Hey there, time traveller!
This article was published 17/9/2013 (1106 days ago), so information in it may no longer be current.
ROTHESAY, NB -- How successful have past attempts to engineer culture-through-clothing regulation been?
Perhaps that is one question Quebec should be asking before it attempts to impose its Charter of Values on its citizens.
The supposed purpose of Quebec's Charter of Values would restrict certain religious-inspired clothing and other apparel in some public-sector occupations in an attempt to foster a neutral, secular social setting in governmental interactions with the public.
First, such efforts at cultural engineering are not without precedent. There are plenty of examples of such policies in the ancient and medieval eras, as well as in many current Middle Eastern nations. In pre-1700 western culture, these were known as sumptuary laws and were instituted by governments for one or more of three basic reasons; to curb spending on luxurious clothes, especially imported fabrics, to promote local industry and to maintain distinctions of social class.
In 1571, England passed a so-called "flat cap" law requiring males older than six years to wear cloth caps on Sundays and public holidays or face a fine of three farthings (less than one penny). It was widely ignored, hard to enforce and finally abolished in 1597.
France tried equally unenforceable sumptuary laws in the 1630s to curb opulent clothing fashions. So did the Massachusetts Bay Colony in the New World during the period 1634 to 1651. The concern of these English and somewhat puritanical colonists was that persons of "mean" (i.e. low) rank were wearing fancy clothes. So they banned silver and gold accoutrements for persons of low annual income. Interestingly, offenders had to pay property tax as if they were wealthy as punishment for appearing to be of higher status than they actually were.
Sumptuary laws didn't work, were too hard to enforce, contained exemptions for the rich and went against the long-term secular tendency in increasingly affluent western societies for common folk to try to dress more fashionably.
The banning of Scottish Highland kilts and tartans by the British government in 1746 merits special consideration, in part because this was a modernization effort on the part of the English and the Lowland Scots after the rebellion of 1745-46.
The government wanted to take away the elements of Highland culture they thought led to insurrectionary behaviour. The penalties were severe; six months in prison for the first offence, seven years labour on the plantations of Barbados or the Carolinas for a second. Military regiments were, however, always exempt and the law was eventually cancelled in 1782.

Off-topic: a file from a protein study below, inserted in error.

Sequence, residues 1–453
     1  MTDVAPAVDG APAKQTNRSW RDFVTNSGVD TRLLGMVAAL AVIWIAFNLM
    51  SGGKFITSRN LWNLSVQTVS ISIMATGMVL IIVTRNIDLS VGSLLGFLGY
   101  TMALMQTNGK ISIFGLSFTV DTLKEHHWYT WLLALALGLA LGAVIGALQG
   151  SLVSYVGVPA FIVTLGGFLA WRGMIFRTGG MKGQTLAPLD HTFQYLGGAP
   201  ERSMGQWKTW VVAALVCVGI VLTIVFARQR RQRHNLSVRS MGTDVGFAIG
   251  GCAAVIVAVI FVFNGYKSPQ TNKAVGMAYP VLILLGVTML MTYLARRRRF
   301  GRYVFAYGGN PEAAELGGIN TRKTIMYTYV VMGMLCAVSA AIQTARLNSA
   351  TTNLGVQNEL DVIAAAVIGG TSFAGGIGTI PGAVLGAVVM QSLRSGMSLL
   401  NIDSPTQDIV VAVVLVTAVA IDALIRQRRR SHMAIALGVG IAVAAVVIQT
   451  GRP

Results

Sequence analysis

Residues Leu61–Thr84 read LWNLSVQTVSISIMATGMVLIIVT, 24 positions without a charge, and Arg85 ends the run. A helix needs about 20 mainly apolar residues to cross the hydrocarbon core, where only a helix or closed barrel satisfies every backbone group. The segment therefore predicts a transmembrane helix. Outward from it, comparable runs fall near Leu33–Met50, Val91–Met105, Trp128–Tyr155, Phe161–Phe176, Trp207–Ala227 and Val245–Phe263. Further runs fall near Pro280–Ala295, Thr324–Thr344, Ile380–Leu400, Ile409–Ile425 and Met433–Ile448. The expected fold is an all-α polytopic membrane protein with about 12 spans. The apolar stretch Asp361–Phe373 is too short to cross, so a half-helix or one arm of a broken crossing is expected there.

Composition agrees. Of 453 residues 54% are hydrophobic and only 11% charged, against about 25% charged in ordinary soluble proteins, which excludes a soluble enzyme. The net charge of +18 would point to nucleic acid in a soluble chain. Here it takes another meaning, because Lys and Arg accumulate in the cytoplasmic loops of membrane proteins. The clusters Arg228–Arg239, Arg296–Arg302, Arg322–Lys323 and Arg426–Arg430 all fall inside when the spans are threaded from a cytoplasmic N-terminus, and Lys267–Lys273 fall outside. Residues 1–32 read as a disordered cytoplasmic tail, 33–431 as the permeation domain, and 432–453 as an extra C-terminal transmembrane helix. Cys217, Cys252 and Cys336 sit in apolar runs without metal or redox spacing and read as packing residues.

Other modernization efforts by clothing regulations happened in more recent times. In 1913, the new republican government of China passed an edict to promote western-style clothes for its population.
Women were encouraged to wear western-style dresses instead of the traditional Chinese baggy pants then in style. The reformist government of Kemal Attaturk (1881-1938) in 1925 abolished the traditional headgear, the fez, in Turkey. This was part of a modernization agenda that also saw the introduction of the western alphabet and calendar to the country.
By far the most notorious of recent cultural engineering efforts by a government occurred during Nazi rule in Germany and occupied territories in the 1930s and early 1940s. The Nazis revived old medieval laws requiring Jews to wear a yellow star and sometimes a badge with the word "Jude" or "Juif" on it. The purpose was to enable brutal discrimination against a portion of their population.
Proponents of the Quebec Charter of Values will argue all this has nothing to do with them. Their proposal is the opposite to that of the Nazis, they will claim. The object of their legislation is to create a non-discriminatory public service environment for all citizens.
On the other hand, in the famous remark coined by Marshal McLuhan (1911-1980), "the medium is the message." Government-legislated clothing styles of any type offend those affected. They create a backlash unanticipated by their proponents. There's many a Scot today who wear the kilt on ceremonial occasions to commemoratively spite the ban of 1746.
Perhaps more importantly, it's difficult to see such governmental impositions of clothing styles have worked in history. They are difficult to enforce and are often quickly withdrawn by later governments. More influential are long-term (dare I use the term?) secular trends. People wear cloth caps in England or western clothes in China or have abandoned Highland garb in Scotland for reasons independent of government legislation.
Today, people choose their clothing options based on such things as urbanization, industrialization, emigration to new lands, immigrant adoption of host society's customs, the emancipation of women, social equality and increased affluence.
By contrast, governmental efforts to engineer culture are weak and short-lived. Maybe the Quebec government should reconsider its plans in the light of the historical experience that such attempts at cultural engineering rarely work.
Fred Donnelly's career in journalism covers more than two decades. He writes on popular culture.